Life on the Triangle

We built our home in Worthington on Williamsburg Road, which forms a triangle with two roads, Clark and Capen. It’s heavily wooded and the wild animals control the inner part of the triangle. Williamsburg Road is also Route 143, but it is just a good paved road. A river follows the length of Capen Street, which is dirt.

Worthington, a small town in western Mass., requires new homes to have 400 feet of road frontage and at least two acres. Some people say it is snob zoning because it limits how many homes can be built in town, but the rule hasn’t changed in decades. Except for the villages, which were settled long before zoning, and the senior housing, the homes are spread out.

So, I see more of Willy’s truck than Willy, our neighbor across Williamsburg Road, as his pickup goes in and out of his driveway or it stops next to the bank of mailboxes we share. After every storm, he plows out the mailboxes. The woman who lives next door to him is a walker, and I’m more likely to see her going at a full stride in some other part of town than ours.

Dave, who lives at the bottom of our hill, used to be a carpenter and the town’s part-time building inspector. He and Hank have worked together. Then, Dave went back to college to get an engineering degree.

We often meet Bob, a single guy who keeps cattle, when we go dancing at a local bar. He’s a fan of country music and wears cowboy hats.

Sometimes we catch a glimpse of the neighbors when they walk the triangle, which is two miles, or work in their yards. We give each other a wave. Sometimes we make small talk. Occasionally we hear power tools when someone is doing a home improvement project or the engine of a snowmobile.

Last count, we had three divorces on the triangle, five deaths and seven births. People move in and out.

I like the Millers, who moved to the old farmhouse on the hill from New York and had two of the seven babies. I felt the same about Maura and Jerome, but they moved to be closer to his work as a lighting technician for films. They tried holding onto the house by the river Jerome built, but it got to be too much. They sold it to a woman who doesn’t leave it often.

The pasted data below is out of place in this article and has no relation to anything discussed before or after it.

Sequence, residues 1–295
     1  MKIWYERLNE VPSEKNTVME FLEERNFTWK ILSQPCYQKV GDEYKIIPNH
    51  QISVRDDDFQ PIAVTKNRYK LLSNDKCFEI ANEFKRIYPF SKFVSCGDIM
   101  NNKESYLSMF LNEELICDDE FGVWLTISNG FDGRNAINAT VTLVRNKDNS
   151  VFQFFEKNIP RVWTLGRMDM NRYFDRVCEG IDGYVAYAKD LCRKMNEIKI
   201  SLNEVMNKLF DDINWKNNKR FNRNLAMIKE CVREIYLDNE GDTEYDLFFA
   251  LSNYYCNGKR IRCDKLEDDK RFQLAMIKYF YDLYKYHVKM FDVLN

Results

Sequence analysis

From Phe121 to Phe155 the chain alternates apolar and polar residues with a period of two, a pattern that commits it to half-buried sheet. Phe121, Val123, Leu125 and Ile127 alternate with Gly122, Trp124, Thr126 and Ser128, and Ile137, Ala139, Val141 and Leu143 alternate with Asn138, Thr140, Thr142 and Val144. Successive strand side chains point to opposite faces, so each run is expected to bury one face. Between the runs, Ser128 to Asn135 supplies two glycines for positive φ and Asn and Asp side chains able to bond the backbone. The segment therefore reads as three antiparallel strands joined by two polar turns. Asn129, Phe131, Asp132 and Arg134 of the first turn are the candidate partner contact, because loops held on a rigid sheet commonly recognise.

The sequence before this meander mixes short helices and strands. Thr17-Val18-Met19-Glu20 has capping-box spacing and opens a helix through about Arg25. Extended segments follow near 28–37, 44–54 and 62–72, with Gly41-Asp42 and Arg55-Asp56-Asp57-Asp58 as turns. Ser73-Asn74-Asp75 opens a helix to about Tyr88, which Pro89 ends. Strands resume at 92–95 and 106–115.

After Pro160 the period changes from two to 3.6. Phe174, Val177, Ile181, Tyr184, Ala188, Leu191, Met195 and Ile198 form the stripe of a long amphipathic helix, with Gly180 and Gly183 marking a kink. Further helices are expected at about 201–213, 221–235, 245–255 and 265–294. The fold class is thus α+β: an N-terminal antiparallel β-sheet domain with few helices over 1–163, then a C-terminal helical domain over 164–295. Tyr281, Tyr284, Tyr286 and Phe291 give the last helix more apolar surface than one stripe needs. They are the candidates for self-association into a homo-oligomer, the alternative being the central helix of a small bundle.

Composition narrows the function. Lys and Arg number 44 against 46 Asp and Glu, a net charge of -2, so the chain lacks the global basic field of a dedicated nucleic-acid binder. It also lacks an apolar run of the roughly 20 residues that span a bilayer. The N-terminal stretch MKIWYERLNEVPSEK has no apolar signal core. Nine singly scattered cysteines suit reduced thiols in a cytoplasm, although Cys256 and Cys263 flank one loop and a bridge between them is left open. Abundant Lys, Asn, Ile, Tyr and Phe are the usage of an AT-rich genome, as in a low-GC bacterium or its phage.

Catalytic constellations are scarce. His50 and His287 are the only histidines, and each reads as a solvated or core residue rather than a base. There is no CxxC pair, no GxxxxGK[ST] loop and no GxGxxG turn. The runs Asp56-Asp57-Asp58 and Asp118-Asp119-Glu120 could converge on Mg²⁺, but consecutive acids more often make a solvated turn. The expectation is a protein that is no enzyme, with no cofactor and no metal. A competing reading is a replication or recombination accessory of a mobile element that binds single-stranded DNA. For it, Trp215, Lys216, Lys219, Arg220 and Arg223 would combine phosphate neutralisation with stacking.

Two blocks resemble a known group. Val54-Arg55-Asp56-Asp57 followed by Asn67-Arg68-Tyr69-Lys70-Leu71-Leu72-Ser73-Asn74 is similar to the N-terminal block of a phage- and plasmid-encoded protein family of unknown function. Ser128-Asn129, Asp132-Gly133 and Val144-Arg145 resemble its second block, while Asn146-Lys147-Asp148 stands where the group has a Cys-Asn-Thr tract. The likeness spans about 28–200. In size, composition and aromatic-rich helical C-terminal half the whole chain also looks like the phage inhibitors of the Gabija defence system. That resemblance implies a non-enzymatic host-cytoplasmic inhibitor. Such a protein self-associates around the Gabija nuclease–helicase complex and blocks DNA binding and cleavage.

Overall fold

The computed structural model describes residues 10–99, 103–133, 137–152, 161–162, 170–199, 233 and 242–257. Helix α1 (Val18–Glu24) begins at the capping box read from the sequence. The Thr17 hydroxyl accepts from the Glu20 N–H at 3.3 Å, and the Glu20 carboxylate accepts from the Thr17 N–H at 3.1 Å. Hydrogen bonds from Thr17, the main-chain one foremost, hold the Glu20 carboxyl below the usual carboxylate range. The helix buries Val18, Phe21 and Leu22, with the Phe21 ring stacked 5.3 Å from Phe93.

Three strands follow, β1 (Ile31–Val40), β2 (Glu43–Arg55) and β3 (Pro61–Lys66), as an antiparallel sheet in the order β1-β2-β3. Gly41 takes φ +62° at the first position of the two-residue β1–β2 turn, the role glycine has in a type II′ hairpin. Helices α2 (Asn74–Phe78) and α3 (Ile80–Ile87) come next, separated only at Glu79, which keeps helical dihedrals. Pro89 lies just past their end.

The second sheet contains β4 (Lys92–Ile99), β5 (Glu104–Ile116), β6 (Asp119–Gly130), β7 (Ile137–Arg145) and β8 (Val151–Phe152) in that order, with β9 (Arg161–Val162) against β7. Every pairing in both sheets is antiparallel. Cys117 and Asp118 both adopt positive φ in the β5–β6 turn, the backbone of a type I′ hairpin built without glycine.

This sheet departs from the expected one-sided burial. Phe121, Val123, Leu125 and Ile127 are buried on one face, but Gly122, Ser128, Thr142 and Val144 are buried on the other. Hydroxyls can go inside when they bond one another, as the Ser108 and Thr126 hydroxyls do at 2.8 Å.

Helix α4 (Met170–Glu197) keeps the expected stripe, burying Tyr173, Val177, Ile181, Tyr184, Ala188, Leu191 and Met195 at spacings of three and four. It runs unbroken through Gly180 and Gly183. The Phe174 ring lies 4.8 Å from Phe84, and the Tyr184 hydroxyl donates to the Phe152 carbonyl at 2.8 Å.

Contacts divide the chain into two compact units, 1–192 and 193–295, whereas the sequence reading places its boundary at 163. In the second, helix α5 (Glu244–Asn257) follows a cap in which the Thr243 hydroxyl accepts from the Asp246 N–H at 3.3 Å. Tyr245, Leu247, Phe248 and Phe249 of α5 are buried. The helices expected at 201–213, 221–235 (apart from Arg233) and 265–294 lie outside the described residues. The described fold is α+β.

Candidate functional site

But just because you live near someone doesn’t mean you like them. I’ve already written about the neighbor who went nuts on us. I didn’t care for the man who put rotted meat in the woods so he could pick off coyotes from his porch. One time he found a fawn along a road and brought it to our kid’s school. After he got in trouble with the law, he got divorced from his hard-working wife and left town.

The same thing happened to another man, whose home was where the walking woman now lives. He was an okay guy. But one night we heard metal crashing into metal. Then again. He was ramming his pickup into the door of the steel garage he had built. His wife called the cops and that’s the last we saw of him on the triangle.

In the center of this Google Map is the triangle. Capen Street, which is a dirt road, is designated by a gray line. Williamsburg Road is also called Route 143, which is just a good paved road.


One thought on “Life on the Triangle

  1. David says:

    Thanks, Joan. Glad to see that I got an honorable mention. The triangle was always a great walk, especially along the dingle (aka Capen). Being able to walk a short loop rather than an out and back was a nice feature of the neighborhood. I’ve enjoyed reading your posts, reminding me of life in Worthington now that I’ve moved down to the valley

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